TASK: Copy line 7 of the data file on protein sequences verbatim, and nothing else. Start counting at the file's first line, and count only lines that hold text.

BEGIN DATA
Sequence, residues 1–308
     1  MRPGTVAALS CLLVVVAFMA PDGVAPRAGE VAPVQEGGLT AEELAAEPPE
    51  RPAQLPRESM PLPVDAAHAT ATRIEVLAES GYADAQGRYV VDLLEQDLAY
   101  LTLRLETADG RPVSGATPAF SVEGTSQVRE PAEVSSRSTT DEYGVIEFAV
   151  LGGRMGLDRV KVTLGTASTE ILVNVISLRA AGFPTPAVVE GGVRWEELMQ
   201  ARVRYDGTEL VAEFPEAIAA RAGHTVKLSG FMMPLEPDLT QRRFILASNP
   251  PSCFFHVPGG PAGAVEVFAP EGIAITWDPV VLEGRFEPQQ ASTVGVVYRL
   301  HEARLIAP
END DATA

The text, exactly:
   251  PSCFFHVPGG PAGAVEVFAP EGIAITWDPV VLEGRFEPQQ ASTVGVVYRL